Christina Ravelo, an associate professor of ocean sciences at the University of California, Santa Cruz, and her coauthors at UCSC and Boise State University, Idaho, focused on the Pliocene epoch, from about 5 million to 1.8 million years ago, when the climate was significantly warmer than today, sea levels were higher, and polar ice sheets were smaller. During the late Pliocene, the climate shifted to the much cooler regime of the Pleistocene, characterized by episodes of extensive glaciation in the Northern Hemisphere. Our current climate happens to be a relatively warm period within this generally cool climate regime.
Traditional explanations for the transition from the warm Pliocene to the cool Pleistocene have focused on single events--such as the uplifting of mountain ranges or separation of ocean basins--that may have altered global circulation patterns and tipped the climate system beyond some threshold, resulting in a new climatic regime. Ravelo's findings, however, point toward a gradual process in which shifts in major components of the climate system occurred at different times in different regions.
"We found evidence of regional responses that can't be explained by a domino effect. The transition took about 2 million years, and there is no way one event could have led to that," Ravelo said.
The researchers analyzed sediment cores from the ocean floor for evidence of climatic conditions during the Pliocene. The fossils of microscopic plankton preserved in the sediments hold records of ocean temperatures and seasonal variability. Even the extent of glaciation on land can be determined from oxygen isotope ratios in the calcite shells of marine plankton.
When they compared climate trends at different latitudes, the researchers found that tropical conditions remained stable while a major shift took place at higher latitudes. The onset of significant glaciation in the Northern Hemisphere took place about 2.75 million years ago, accompanied by cooling in subtropical regions. Significant changes in the tropics were not seen until a million years later, when conditions in the tropics and subtropics switched to the patterns of ocean temperatures and atmospheric circulation that still persist today.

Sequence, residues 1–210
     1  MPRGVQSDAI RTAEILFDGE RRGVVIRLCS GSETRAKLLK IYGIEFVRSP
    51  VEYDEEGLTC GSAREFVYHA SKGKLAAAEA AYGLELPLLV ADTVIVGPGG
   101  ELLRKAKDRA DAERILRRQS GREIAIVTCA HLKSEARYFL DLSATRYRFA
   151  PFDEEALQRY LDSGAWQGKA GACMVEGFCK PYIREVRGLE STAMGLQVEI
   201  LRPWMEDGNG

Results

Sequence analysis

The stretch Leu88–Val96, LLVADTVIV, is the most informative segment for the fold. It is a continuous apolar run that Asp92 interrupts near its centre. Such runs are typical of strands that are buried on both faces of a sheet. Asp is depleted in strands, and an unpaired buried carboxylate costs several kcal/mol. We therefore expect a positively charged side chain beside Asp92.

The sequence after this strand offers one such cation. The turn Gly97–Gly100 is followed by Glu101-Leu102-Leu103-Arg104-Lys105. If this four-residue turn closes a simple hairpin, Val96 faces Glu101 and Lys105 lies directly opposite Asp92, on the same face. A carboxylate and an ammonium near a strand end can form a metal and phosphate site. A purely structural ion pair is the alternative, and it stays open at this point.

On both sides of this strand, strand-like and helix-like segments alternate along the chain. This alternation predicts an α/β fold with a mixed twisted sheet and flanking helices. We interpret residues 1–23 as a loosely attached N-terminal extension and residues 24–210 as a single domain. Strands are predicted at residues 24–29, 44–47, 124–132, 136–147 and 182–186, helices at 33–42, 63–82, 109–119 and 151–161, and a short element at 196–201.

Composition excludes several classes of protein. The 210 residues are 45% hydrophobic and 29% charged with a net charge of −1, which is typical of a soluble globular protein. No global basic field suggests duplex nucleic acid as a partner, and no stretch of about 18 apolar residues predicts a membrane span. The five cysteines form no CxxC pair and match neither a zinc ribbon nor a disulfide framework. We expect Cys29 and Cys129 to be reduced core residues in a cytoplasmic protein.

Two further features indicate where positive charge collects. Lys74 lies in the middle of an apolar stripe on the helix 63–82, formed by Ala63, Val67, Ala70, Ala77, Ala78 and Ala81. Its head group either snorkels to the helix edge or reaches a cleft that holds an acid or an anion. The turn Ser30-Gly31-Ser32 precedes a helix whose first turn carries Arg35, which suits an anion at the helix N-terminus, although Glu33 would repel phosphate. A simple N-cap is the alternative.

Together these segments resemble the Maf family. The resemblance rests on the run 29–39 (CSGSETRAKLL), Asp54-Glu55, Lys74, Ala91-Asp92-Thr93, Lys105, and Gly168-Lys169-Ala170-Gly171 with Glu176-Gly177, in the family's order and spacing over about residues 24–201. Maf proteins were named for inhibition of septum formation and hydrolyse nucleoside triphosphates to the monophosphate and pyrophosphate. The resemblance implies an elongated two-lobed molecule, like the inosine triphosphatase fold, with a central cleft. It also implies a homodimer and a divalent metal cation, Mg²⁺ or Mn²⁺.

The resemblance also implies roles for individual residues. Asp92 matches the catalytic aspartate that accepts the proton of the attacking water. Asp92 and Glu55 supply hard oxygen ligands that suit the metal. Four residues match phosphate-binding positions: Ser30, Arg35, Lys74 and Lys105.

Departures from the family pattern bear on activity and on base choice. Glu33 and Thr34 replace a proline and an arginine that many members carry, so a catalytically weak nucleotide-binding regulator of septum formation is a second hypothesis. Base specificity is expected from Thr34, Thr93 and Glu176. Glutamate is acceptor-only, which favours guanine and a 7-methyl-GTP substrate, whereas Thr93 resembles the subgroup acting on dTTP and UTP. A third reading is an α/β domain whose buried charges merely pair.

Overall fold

With this transition to the modern mode of circulation in the tropics and subtropics, the global climate system seems to have become much more sensitive to small perturbations. For example, on short timescales, we see the dramatic swings in climate known as El Niño and La Niña, triggered by periodic changes in the equatorial waters of the Pacific.
On longer timescales, the comings and goings of the glacial ice sheets over hundreds of thousands of years during the Pleistocene corrrelate with cyclical changes in solar heating of the planet related to cycles in Earth's orbit around the Sun. Climatologists refer to such effects as "solar forcing" of the climate. But during the Pliocene, the same cyclic changes in solar heating took place without corresponding swings in the global climate.
"Small changes in the solar budget gave large climate responses during the Pleistocene, which we now think is related to conditions in tropical regions that create strong feedbacks between the ocean and the atmosphere," Ravelo said. "During the Pliocene, the system didn't respond very strongly to small perturbations, because there weren't these feedback mechanisms embedded in the atmospheric and oceanic circulation patterns."
The ultimate cause of the transition from Pliocene to Pleistocene climate regimes is still unknown. A likely candidate, however, is a gradual decline in the concentration of greenhouse gases in the atmosphere, Ravelo said.
"The forcing must have been gradual, and different places went through this major transition in the climate at different times because of distinct regional responses to the global forcing," she said.
The findings have implications for understanding modern climate change. The Pliocene is the most recent period in Earth's history with warmer temperatures than today and comparable concentrations of greenhouse gases, so it offers a tempting analogy for future climate change. But the Pliocene was a very different time in terms of circulation patterns and sensitivity to climate change, Ravelo said.
"If we use that time period as an analogy for the future, we need to understand that we are looking at a climate system that is really quite different than today," she said. "And whatever happens in the future, if there are significant changes in the lower latitudes, that could have major effects on the global climate system."
Ravelo's coauthors include Dyke Andreason, formerly a graduate student at UCSC and now at Rutgers University; Mitchell Lyle and Annette Olivarez Lyle of Boise State University; and UCSC graduate student Michael Wara. Their research was funded by the National Science Foundation.